Artur Davis has lost his bid to become the Democratic nominee for governor of Alabama. He didn’t just lose: The four-term congressman went down to disastrous defeat, getting under 38 percent of the vote.
I wanted to believe. I thought he might pull it off. It will be said by many that there was never a smidgen of a chance. He was black, after all. Running in Alabama!
Alabama used to be a racial hell. It was, as the Almanac of American Politics put it, “ground zero of white resistance to the empowerment of blacks in the 1950s and 1960s.” There was George Wallace and Bull Connor, the Edmund Pettus Bridge and the Birmingham jail.
But that was decades ago. “Our state has changed, and my candidacy would be impossible if the state had not already changed,” Davis noted in the course of the campaign. He wasn’t wrong. But he underestimated just how risky his political strategy would turn out to be.
In many ways, Davis resembles Barack Obama. He had an elite education, and he ran as an above-race candidate. But Davis deviated on a vital issue: Alone among members of the Congressional Black Caucus, he opposed Obama’s health-care bill. You couldn’t call yourself “black” and vote against Obamacare, Jesse Jackson announced in November — and the Alabama civil-rights community agreed. The state’s two predominantly black organizations, the Alabama Democratic Conference and the Alabama New South Coalition, endorsed his white opponent, Ron Sparks. For the black political establishment, the white agricultural commissioner was a better Democrat. Ideology trumped color.
Davis also turned his back on the Alabama Education Association, a weighty presence in Alabama Democratic politics. Davis is an advocate for charter schools, which the state has banned; Sparks, on the other hand, is a big supporter of a state lottery and of casinos — snake oil to solve the state’s financial problems, which are affecting its schools.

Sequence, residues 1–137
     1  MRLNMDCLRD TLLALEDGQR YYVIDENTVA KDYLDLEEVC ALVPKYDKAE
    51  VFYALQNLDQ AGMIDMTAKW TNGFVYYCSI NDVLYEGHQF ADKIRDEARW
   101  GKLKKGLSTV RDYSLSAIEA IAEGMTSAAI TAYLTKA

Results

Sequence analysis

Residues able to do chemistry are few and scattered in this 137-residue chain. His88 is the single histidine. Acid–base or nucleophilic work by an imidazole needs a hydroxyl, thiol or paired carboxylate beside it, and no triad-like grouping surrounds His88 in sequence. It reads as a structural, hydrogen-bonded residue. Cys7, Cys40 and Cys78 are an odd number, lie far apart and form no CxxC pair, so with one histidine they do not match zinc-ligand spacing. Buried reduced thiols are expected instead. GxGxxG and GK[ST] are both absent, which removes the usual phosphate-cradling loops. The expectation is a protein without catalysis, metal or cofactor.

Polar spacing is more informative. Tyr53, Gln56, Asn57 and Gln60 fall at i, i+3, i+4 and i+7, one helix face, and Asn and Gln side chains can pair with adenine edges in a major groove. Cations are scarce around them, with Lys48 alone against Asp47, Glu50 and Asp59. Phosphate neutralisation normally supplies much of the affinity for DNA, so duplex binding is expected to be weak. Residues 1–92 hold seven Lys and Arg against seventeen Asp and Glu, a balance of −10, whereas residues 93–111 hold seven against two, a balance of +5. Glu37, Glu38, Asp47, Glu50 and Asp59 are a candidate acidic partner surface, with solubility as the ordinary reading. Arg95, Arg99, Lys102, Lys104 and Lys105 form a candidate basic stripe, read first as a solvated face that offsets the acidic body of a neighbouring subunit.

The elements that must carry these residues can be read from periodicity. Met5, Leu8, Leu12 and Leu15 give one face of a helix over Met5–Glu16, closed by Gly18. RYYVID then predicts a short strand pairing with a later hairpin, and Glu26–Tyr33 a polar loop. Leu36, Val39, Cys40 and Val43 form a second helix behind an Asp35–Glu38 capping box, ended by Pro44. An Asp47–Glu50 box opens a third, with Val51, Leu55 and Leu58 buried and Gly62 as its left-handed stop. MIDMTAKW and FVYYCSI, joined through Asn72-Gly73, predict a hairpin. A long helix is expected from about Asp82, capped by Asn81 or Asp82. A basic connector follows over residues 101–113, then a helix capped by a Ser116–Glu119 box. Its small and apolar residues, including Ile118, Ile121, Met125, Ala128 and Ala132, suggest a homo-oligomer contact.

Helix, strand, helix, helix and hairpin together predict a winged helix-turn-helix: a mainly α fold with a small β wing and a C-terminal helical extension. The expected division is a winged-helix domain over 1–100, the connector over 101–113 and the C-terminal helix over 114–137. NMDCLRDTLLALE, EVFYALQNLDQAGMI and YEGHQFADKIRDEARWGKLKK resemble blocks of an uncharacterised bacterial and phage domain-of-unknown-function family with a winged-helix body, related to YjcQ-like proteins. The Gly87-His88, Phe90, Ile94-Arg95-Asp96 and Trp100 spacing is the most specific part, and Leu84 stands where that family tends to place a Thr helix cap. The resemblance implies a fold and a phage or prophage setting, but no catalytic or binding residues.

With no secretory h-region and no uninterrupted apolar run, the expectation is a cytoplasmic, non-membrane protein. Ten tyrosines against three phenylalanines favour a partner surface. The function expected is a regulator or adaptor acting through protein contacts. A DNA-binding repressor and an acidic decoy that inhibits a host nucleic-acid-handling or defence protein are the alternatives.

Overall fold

President Obama’s falling fortunes may have had an impact. Obama and Davis are personal friends, despite the health-care vote, and Davis was the first congressman outside of Illinois to endorse Obama for president in 2008. When Davis first announced his candidacy, the president was riding high. But by now, Democrats are not so enamored. “We have one bait-and-switch Harvard-educated person occupying the White House. Why elect another in Alabama?” asked one voter.
The black leadership in the state opposed him, so Davis did not have solid black support; his white support was also shaky. In short, he had no base. Nevertheless, was race the real story? The proverbial elephant in the room?
Blacks, like whites, lose elections for a multitude of political reasons. We have no data to suggest race was the decisive factor; no polling prior to the election suggested it might be. To the contrary: The story appears to be normal politics prevailing in the capital of the Confederacy. Even the Black Belt counties came through for him only weakly. Moreover, turnout everywhere was low.
Still, civil-rights organizations will read the results as clear evidence that white voters, especially in the South, cannot be trusted; heavy federal oversight over election matters in the region remains much needed, they will argue. Two constitutional challenges to the most draconian provision of the Voting Rights Act have recently been filed. The Davis defeat will be used against the plaintiffs.
“I am an Alabamian by birth, and I know what it would mean to see Artur Davis sworn in on the same steps where George Wallace stood,” Georgia’s Rep. John Lewis has said. Davis is a young man (41). He lost his first congressional bid and came back to win two years later. His political career is not necessarily over, and Lewis may yet see Davis occupy the office once held by the man who declared “segregation forever.” Politics, not race, defeated Davis; different politics on a different day may hand him the victory he sought yesterday.
– Abigail Thernstrom is the author, most recently, of Voting Rights — and Wrongs: The Elusive Quest for Racially Fair Elections. She is an adjunct scholar at the American Enterprise Institute and vice chair of the U.S. Commission on Civil Rights.